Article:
Countryside Around Tonle SapApril 6, 2018 in Cambodia ⋅ ⛅ 31 °C
Our first excursion off the boat was to the village of Kampong Tralach, which is on the banks of the Tonle Sap lake. Some of the houses actually float on the lake, while others are on stilts, which shelter them from flooding. Beyond the banks of the lake are small villages. According to Sophea, approximately 70% of the population of Cambodia lives in small, rural villages like this one, where farming is the sole source of income. These villages are incredibly poor. Most of these villages do not have running water, and electricity was only installed in most of these villages in the last 2-3 years. Refrigeration is non-existent. Air-conditioning is literally unheard of. Yet, many of the young people seem to have some type of mobile phone, and presumably there is some access to cellular data.
We were met at the river bank by a local residents with ox-carts that we were to ride to another village. Although the notion of riding an ox-cart seemed ridiculously touristy, Sophea suggested that the rides provided a source of income for carts that otherwise were underutilized. Hard to know whether this is true, but anything that brings money into these communities — including money spent by tour companies for these rides — is probably a good thing. So, we hoped in, and enjoyed a bumpy ride through the countryside.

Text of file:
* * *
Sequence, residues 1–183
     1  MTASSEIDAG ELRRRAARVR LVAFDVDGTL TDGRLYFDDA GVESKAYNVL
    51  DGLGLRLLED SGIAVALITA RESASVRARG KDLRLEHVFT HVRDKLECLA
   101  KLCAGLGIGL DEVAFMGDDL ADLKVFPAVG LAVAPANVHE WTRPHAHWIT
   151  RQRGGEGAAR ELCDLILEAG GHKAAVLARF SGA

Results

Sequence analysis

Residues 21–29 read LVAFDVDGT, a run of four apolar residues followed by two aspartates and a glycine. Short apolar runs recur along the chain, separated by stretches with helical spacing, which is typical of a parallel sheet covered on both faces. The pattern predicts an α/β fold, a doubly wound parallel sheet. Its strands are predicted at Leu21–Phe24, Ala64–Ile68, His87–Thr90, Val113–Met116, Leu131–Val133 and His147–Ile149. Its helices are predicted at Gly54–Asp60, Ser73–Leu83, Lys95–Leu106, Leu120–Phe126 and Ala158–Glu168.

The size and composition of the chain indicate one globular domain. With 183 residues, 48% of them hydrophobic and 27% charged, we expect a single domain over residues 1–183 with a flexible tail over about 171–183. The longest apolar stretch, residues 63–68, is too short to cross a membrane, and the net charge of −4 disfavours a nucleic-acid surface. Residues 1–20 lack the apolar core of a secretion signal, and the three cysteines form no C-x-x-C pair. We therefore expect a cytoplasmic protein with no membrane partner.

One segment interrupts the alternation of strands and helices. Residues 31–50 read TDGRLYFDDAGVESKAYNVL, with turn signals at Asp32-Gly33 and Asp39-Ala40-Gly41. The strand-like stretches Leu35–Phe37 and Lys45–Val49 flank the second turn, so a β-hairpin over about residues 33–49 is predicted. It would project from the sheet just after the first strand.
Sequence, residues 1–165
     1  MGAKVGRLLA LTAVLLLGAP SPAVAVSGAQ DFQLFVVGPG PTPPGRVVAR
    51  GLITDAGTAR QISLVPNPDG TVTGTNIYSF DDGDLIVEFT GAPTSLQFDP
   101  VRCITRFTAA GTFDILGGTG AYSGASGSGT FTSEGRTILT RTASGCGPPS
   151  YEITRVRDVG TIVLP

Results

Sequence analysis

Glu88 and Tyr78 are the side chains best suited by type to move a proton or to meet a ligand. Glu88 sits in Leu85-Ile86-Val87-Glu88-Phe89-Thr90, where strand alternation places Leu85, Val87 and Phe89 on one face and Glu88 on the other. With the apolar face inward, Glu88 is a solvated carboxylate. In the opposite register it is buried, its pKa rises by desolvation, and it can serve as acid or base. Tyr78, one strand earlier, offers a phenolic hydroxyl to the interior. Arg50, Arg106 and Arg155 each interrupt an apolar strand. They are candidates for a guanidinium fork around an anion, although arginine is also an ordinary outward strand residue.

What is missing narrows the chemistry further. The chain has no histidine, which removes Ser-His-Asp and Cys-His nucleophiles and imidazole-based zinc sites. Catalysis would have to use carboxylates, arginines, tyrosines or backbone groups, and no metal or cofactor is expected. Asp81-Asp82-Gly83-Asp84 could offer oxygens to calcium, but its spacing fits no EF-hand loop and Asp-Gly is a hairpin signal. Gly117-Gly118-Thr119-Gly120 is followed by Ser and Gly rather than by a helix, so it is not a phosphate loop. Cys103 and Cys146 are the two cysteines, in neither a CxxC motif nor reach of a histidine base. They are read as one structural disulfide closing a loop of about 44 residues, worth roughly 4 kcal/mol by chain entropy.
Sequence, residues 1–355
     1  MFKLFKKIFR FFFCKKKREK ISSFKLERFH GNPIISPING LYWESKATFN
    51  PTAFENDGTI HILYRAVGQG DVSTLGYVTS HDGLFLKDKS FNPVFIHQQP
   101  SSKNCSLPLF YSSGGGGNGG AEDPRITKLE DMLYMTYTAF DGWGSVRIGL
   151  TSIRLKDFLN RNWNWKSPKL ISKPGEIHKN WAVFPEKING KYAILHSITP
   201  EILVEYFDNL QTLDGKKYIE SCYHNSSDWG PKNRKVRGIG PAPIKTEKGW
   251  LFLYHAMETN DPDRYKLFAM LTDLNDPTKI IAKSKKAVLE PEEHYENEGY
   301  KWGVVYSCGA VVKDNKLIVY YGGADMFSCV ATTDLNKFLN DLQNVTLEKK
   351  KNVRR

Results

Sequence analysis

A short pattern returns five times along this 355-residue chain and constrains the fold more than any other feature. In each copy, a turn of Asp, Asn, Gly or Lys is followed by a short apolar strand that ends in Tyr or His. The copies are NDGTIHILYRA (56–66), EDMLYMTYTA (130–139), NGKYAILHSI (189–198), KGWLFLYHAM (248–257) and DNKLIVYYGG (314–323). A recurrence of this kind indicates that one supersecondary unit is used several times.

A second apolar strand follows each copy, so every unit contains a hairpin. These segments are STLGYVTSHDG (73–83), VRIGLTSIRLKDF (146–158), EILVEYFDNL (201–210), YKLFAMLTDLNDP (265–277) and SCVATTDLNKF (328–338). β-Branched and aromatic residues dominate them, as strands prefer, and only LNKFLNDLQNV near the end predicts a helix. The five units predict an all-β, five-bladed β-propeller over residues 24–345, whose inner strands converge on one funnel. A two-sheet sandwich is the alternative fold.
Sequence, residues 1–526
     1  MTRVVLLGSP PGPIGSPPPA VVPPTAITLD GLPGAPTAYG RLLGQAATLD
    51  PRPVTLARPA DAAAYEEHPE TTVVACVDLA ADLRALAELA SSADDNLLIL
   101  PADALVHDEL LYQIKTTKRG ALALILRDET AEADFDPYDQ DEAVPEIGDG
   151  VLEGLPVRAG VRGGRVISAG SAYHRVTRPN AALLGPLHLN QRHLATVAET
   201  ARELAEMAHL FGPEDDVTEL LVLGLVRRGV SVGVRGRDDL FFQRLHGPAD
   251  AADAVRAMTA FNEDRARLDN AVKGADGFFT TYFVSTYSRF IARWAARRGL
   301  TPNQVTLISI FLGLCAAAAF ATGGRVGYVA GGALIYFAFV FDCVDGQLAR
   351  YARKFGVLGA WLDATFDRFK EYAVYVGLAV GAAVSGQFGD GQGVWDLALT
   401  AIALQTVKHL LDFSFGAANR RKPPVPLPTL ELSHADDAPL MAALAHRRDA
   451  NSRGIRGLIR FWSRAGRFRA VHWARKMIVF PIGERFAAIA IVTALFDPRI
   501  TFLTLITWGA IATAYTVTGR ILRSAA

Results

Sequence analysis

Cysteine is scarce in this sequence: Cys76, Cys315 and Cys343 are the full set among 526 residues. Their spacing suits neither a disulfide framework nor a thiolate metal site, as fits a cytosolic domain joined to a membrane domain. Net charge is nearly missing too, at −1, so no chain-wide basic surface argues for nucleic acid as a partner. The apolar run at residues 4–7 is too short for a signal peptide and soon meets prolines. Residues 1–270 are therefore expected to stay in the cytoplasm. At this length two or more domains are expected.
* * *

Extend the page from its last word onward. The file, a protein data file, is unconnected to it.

Our next stop was the village of Kampong Luong, in which the primary trade is silversmithing. While silversmithing must be a more lucrative profession than farming, the village did not seem any more prosperous than the first village. Again, everyone lives in small huts, with huge amphorae outside the houses to collect rainwater that is used for cooking, and bathing.
And, as is true throughout Cambodia, as there is no garbage collection services, litter is everywhere. (We actually saw one woman burning garbage, and learned that she does this twice each week. I noticed that her property was considerably cleaner than the neighboring lots.). Sophea told us that two developments have really contributed to problems of trash throughout the country — plastic bags and plastic water bottles. Until about 10 years ago, when people bought foods at the market, they were unwrapped, or were wrapped in large leaves (typically banana leaves). But, it is incredibly cheap to buy plastic bags from China, and it is less work than going outside and cutting down leaves. Moreover, most shopkeepers refuse to put multiple items into a single bag, so if you buy mangos, pineapples and guava, you are given three bags. Once people get home, they don’t reuse them, and the bags pile up everywhere. Single use water bottles are also everywhere.
Sophea told us that before he began as tour guide, he worked for an NGO that was working on environmental issues. His organization advertised an event to talk about recycling. They invited almost 200 people, and expected that between 50 and 100 people would attend the event. But, only a handful of people came. The next time, they sent invitations with $5 bills, and many people came, but no one was the least bit interested in learning about recycling. The problem is expected to become acute over the next ten years, but the government has no interest in addressing the problem and there is no awareness of environmental issues. It is sad, as the countryside is quite beautiful, but the trash mares the vistas.Read more